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One of many small utaki on the grounds of Gokoku Shrine, in Naha's Onoyama Park.
The central space at Gana mui, an utaki in Naha's Oroku neighborhood.
  • Okinawan/Yaeyama: 御嶽 (utaki / on)

Utaki are sacred spaces in the indigenous animistic Ryukyuan religion, the sites of religious rituals performed by priestesses known as noro or tsukasa, as well as more private, individual worship. Often consisting of groves of trees surrounded by stone walls, utaki were frequently maintained within the inner sections of Okinawan gusuku fortresses.

These spaces are known as on in the Yaeyama language.

The most sacred utaki on the island of Okinawa is an ancient site known as Sefa-utaki. Other famous sites include Sonohyan utaki and Suimui utaki on the grounds of Shuri castle.

Most utaki are dedicated to the worship of deities or spirits of protection for the village, or to the deities coming from nirai kanai, the spiritual source or land of the gods far across the sea. Utaki in the royal capital of Shuri are also dedicated to the protection of the king, or of the kingdom.[1]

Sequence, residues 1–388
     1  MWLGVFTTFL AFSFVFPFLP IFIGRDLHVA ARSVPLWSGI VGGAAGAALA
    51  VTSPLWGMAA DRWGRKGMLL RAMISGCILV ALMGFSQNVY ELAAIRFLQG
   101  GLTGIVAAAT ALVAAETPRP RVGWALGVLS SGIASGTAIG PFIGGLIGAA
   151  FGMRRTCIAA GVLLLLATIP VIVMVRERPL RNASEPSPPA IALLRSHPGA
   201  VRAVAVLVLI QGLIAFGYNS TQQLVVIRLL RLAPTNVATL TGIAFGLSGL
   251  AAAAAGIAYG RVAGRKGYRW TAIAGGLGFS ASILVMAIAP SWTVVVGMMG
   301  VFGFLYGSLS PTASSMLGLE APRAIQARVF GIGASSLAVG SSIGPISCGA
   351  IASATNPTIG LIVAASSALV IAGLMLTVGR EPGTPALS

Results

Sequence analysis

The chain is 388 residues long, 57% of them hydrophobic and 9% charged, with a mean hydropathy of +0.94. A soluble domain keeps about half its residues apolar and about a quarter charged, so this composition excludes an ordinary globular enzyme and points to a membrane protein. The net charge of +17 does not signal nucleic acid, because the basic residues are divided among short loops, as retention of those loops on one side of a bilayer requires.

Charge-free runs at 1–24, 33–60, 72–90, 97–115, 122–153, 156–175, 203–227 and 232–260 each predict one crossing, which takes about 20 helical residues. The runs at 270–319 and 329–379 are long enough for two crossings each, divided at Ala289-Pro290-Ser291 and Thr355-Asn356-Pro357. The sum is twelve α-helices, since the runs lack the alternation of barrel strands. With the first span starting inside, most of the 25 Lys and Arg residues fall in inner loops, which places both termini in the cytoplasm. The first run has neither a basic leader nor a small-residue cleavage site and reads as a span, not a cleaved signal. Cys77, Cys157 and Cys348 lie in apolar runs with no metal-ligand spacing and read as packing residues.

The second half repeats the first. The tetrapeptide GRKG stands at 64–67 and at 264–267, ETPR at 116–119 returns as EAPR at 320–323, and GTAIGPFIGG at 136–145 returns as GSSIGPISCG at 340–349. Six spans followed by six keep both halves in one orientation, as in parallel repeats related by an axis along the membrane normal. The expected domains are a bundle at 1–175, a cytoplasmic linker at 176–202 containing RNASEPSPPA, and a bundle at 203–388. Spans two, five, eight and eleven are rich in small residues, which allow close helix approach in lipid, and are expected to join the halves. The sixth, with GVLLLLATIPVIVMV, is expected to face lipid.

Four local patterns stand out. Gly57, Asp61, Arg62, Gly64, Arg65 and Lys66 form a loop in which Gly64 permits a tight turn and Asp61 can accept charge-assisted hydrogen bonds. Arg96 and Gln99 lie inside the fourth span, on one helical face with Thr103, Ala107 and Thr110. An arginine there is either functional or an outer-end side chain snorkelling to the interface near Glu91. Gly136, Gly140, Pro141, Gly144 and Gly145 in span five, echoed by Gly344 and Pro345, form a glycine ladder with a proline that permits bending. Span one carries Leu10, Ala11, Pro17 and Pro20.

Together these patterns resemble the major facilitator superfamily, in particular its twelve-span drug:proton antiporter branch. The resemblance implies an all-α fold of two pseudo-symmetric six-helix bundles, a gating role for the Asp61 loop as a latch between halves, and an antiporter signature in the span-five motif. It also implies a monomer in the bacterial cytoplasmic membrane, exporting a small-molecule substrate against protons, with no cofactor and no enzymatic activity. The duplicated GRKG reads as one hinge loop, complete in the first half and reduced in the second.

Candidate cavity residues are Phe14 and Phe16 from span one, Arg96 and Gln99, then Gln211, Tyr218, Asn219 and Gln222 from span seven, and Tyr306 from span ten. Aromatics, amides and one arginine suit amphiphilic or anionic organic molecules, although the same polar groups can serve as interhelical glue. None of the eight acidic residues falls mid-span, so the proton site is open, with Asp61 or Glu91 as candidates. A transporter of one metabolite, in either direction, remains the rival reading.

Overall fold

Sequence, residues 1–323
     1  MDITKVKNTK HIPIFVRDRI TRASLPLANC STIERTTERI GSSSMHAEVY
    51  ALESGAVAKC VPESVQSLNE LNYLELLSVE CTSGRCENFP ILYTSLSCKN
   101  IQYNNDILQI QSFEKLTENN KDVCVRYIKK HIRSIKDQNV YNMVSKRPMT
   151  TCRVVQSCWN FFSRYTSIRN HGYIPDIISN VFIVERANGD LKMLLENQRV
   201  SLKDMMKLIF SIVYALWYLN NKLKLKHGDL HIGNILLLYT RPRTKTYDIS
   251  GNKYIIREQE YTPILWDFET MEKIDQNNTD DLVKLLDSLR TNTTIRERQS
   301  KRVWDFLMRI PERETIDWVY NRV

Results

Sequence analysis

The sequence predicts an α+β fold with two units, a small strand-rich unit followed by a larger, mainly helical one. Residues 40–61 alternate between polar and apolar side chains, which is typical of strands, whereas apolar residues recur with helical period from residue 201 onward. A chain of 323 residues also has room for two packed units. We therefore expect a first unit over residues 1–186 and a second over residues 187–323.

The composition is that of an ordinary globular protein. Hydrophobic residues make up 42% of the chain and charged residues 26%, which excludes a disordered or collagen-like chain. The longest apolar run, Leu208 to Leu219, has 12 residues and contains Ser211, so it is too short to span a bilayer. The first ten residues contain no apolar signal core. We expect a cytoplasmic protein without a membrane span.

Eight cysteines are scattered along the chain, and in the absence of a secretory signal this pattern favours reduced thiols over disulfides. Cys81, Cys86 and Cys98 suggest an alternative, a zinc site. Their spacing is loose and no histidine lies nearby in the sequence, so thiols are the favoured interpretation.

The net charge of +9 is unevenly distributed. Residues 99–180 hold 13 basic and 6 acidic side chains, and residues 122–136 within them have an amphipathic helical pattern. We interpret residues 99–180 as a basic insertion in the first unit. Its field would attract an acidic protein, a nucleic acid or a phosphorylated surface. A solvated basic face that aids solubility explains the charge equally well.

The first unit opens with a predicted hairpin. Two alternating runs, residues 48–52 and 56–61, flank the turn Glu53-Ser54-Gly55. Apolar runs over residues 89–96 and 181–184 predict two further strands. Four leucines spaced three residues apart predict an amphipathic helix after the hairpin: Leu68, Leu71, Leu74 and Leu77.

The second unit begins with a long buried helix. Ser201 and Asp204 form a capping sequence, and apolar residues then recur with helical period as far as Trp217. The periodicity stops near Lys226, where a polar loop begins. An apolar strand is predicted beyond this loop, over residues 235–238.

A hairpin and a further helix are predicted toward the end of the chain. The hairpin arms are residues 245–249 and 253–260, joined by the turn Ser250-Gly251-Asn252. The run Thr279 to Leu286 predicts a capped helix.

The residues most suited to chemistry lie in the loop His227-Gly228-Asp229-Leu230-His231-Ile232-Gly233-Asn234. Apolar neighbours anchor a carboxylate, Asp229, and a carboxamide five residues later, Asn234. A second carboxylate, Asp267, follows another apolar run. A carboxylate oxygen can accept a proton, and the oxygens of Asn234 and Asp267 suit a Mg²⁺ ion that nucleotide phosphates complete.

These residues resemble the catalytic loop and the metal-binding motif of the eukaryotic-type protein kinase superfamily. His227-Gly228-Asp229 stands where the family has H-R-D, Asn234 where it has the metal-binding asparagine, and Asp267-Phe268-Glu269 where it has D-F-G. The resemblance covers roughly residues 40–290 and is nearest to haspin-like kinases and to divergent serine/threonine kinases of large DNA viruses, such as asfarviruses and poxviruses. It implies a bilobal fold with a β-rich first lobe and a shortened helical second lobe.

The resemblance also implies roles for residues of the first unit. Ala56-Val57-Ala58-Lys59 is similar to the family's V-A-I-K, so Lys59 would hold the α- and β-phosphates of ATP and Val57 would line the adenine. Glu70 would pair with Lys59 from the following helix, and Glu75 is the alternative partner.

Generally, a large stone or tree marks the center of an utaki; small incense burners and platforms for placing offerings are often arranged there. A particular type of sacred tree, called kuba or shuro, is also common within utaki. In many utaki, there is a particularly sacred area called ibi, where men are forbidden from entering; noro priestesses and other women known as kaminchu (lit. "people of the gods") perform rituals at a spot nearby called kami asagi or tun, to call down the spirits.[2]


  • Thompson, Robin. "The Music of Ryukyu." Ashgate Research Companion to Japanese Music. Surrey: Ashgate Publishing, 2008. pp305-306.
  • Gallery labels, Okinawa Prefectural Museum.[2]
  1. "Shuri ma~i" 首里ま~い. Pamphlet. Naha City Board of Education Cultural Properties Division 那覇市教育委員会文化財課, 1989.
  2. Plaques at Ryukyumura.[1]
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